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How well do Covid vaccines really work? New strategy launched this week
Monday, November 15, 2021 @ 6:31 PM

RESIDENTS vaccinated against Covid-19 with the single-dose Janssen, or Johnson & Johnson formula will be called from this week for a booster using a Pfizer or Moderna, national health authorities have confirmed.

Most regions are now working through residents aged 70 and over who have had a double-dose jab – mostly Pfizer, but also Moderna and in some cases AstraZeneca – giving them a third dose at the same time as their usual annual winter influenza vaccine.

A few expect to wait until they have finished the 'flu and third Covid jabs before starting on a back-up ARN-messenger dose for those who have had the Janssen, a type designed originally only to need one injection.

This means their two will be the equivalent of a third dose for those who have had one of the other types, which needed two initially.

Third doses for the under-70s, except where they are immune-compromised, are not part of the health service's plan for the foreseeable future, but this may change depending upon how the virus evolves over the winter.

About 1.9 million people were given the single-dose Janssen instead of one of the double-dose formulae, for various reasons.

Initially, it was kept for the over-70s, although the majority of those were, in the end, given the Pfizer instead; it was later used on the over-40s, and mainly for convenience.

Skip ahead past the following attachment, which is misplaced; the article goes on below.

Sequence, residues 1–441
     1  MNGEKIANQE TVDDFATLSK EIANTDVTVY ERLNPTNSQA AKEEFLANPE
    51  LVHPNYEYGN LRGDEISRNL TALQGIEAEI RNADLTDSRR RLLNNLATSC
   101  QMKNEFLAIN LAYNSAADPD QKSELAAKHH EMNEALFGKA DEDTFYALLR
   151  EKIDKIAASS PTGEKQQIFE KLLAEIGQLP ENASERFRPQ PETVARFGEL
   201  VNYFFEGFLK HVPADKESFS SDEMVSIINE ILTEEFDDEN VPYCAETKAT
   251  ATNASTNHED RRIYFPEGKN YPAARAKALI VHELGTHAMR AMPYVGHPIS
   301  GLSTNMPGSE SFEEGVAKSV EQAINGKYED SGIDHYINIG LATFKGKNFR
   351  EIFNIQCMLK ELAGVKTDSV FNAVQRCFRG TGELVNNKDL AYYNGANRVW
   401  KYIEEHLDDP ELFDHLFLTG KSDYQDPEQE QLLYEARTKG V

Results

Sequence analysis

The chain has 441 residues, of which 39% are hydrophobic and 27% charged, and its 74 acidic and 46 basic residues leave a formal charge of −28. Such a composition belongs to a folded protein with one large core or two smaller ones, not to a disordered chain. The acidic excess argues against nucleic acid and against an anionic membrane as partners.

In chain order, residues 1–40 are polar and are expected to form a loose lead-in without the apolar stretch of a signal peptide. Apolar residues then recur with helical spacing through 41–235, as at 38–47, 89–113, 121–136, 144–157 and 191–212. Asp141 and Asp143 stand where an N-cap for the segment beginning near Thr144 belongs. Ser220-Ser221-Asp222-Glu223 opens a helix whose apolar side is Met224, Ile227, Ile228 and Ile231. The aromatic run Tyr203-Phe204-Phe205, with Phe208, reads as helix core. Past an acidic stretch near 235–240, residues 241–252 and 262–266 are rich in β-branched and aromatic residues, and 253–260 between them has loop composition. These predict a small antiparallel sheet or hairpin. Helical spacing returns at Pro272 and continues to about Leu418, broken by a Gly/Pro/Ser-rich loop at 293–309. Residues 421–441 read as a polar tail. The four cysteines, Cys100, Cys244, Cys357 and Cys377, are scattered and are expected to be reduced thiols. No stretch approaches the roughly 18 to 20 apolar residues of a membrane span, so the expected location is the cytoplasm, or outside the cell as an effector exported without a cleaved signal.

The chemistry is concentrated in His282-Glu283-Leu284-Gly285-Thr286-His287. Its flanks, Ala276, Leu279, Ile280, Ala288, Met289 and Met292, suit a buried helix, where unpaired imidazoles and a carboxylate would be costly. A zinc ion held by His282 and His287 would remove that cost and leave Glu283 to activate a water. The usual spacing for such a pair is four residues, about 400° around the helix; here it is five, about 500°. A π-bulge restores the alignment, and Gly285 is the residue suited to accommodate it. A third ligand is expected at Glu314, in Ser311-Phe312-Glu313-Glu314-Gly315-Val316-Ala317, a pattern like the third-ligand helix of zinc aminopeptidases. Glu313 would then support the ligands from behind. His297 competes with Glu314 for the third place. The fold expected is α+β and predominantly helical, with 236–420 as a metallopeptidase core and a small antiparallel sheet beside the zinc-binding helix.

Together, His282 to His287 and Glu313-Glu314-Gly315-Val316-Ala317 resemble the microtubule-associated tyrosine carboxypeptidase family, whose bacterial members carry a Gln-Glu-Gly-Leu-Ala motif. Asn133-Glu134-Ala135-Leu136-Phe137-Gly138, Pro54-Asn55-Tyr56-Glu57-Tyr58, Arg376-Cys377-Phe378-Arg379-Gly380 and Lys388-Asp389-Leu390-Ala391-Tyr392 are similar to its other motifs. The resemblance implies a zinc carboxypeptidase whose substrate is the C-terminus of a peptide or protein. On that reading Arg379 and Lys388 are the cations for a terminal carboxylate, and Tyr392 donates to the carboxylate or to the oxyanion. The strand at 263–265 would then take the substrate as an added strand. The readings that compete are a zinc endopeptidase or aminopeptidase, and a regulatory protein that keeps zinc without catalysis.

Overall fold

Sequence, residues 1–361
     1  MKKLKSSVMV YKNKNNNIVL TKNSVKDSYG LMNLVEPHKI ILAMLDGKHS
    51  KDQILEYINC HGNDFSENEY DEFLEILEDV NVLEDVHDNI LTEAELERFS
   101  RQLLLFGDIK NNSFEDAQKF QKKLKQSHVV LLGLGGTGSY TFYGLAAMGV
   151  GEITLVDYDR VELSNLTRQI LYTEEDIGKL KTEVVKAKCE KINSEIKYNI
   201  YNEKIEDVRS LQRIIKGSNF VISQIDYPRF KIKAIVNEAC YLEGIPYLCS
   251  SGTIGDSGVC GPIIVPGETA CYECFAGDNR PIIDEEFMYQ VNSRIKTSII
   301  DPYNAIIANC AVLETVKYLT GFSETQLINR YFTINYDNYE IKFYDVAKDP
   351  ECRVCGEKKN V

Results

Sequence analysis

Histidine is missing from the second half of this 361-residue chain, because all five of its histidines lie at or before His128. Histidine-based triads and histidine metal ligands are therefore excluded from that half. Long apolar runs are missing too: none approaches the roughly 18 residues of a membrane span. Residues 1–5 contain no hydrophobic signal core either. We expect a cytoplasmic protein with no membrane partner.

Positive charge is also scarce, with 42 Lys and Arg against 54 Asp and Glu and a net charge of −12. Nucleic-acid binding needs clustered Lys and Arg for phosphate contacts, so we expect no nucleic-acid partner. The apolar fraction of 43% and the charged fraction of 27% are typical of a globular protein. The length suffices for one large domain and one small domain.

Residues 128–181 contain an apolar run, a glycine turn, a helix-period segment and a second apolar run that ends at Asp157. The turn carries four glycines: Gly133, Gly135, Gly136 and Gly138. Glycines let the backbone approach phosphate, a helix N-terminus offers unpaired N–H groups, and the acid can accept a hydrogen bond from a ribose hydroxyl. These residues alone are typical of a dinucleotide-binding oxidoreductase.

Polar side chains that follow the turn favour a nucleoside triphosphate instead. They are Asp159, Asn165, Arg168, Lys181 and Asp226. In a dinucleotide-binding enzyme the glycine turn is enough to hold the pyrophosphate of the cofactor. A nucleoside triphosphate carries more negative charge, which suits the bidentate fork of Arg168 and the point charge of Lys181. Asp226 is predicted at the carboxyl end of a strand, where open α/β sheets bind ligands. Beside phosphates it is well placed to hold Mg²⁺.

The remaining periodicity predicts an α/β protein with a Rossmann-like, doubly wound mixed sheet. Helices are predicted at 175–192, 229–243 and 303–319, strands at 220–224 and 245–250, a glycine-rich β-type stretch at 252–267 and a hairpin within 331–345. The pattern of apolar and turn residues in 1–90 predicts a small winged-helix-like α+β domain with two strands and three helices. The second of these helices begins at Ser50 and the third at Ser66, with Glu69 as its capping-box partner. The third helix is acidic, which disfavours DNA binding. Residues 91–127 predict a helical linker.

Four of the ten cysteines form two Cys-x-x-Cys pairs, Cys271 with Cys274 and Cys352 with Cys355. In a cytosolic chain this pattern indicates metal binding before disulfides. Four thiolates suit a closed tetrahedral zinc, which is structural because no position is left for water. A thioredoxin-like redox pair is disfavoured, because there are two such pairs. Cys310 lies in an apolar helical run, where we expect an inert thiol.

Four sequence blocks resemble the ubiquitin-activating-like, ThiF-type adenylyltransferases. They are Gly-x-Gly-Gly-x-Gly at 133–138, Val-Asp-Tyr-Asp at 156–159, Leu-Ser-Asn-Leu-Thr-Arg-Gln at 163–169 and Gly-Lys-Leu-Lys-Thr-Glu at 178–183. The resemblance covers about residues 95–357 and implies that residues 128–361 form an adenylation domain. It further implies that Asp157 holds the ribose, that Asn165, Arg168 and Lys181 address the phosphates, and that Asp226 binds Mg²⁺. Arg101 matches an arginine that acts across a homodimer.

Janssen vaccine given to homeless, casual workers, offshore workers...

Those who received the Johnson & Johnson formula included the homeless, casual temporary workers who may not be in the country for more than a few months, undocumented migrants who were not registered as living in a specific place and did not have residence, those with very severe autism or other serious mental health issues that meant the vaccine process could be highly distressing for them, leaving them at risk of major agitation episodes, children in care homes, adults and children on psychiatric wards or in prison, disabled people in 'halfway houses' or residential care, people who were bedridden or totally disabled and who would have difficulty accessing a vaccine centre, fishermen who typically work offshore for very long periods, Spanish residents or citizens on overseas aid missions, and anyone else with the type of job that meant they may be out of the country for extended lengths of time and unavailable for when a second dose was required.



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